Libya is known for some beautiful and well-preserved Ancient Roman ruins. Before it belonged to Rome, the territory of modern-day Libya was part of the Carthaginian Empire. Do there exist any monumental or architectural ruins from the Carthaginian era that can be visited by tourists?

I'm aware that it's generally not considered safe to visit Libya at the moment. Consider this question to be long-term planning for a future visit once the political situation has stabilized. If any Carthaginian sites were open to tourists during the Gadaffi era, and are not known to have been destroyed since then, please tell me about them.


It is worth noting that according to UNESCO, there is only one known site containing the remains of a Carthaginian city: Kerkuane, in Tunisia.

This Phoenician city was probably abandoned during the First Punic War (c. 250 B.C.) and as a result was not rebuilt by the Romans. The remains constitute the only example of a Phoenicio-Punic city to have survived. The houses were built to a standard plan in accordance with a sophisticated notion of town planning.

There are many significant archeological sites in North Africa that had their beginnings as Phoenician settlements; Leptis Magna and Samartha were originally Phoenician trading colonies, and they (along with Carthage itself) are World Heritage sites as well. But most of them were later built over by the Romans, and their Punic heritage is no longer very evident.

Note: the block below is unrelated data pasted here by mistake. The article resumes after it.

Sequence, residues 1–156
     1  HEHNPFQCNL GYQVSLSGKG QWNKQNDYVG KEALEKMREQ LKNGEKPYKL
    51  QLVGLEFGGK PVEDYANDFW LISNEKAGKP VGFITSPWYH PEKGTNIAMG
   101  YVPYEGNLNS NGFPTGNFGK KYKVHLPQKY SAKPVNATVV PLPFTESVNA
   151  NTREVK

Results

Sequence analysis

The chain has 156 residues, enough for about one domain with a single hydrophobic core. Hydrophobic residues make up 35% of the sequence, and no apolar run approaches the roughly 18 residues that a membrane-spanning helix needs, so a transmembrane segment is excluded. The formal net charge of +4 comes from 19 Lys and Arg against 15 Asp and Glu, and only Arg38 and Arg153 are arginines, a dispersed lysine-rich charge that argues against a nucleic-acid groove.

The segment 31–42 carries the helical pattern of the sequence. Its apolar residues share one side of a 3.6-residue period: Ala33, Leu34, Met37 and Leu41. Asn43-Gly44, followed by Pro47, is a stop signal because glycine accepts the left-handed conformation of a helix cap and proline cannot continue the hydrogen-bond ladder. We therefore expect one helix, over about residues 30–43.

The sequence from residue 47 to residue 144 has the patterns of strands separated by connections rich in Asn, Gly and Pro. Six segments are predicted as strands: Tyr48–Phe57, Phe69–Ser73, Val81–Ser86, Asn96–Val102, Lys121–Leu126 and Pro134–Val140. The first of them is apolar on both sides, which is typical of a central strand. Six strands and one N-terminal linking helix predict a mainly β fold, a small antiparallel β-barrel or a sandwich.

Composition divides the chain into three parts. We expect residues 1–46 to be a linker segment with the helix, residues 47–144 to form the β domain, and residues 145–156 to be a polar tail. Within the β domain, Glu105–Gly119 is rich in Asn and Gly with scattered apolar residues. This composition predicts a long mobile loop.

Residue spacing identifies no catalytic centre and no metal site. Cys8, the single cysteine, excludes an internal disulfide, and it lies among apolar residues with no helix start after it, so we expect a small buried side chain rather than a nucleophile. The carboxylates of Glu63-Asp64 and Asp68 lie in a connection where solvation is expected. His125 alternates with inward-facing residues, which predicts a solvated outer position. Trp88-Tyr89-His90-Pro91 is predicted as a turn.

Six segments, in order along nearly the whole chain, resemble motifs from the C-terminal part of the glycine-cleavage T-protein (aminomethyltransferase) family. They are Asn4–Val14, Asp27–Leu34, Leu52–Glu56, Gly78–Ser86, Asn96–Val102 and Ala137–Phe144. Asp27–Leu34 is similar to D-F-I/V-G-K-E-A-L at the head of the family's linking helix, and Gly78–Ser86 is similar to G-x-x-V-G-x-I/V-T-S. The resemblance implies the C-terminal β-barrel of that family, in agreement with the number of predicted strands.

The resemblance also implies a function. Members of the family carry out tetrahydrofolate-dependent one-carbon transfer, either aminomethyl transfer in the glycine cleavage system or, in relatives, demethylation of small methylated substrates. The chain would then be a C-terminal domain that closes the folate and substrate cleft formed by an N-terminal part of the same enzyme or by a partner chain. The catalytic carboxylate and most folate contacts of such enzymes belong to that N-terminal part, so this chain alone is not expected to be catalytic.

It is possible that there are isolated Carthaginian ruins that survive in Libya; isolated Carthaginian sites do exist elsewhere (e.g., the Punic wall of Cartagena, in Spain.) However, if you're hoping to find something on the scale of the major Roman ruins that still exist throughout the Mediterranean, Kerkuane appears to be all there is.

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  • Could you provide a citation from UNESCO that says that there are no purely Carthaginian ruins in Libya? The page you linked to (and the part you quote) says only that Kerkuane is the sole surviving city. It's doesn't say that there are no ruins of other types (e.g., monuments, forts, isolated buildings, etc.). – Psychonaut Mar 19 '18 at 13:54
  • @Psychonaut: That's a fair point, and I've edited my answer to qualify my initial statement. – Michael Seifert Mar 19 '18 at 14:50

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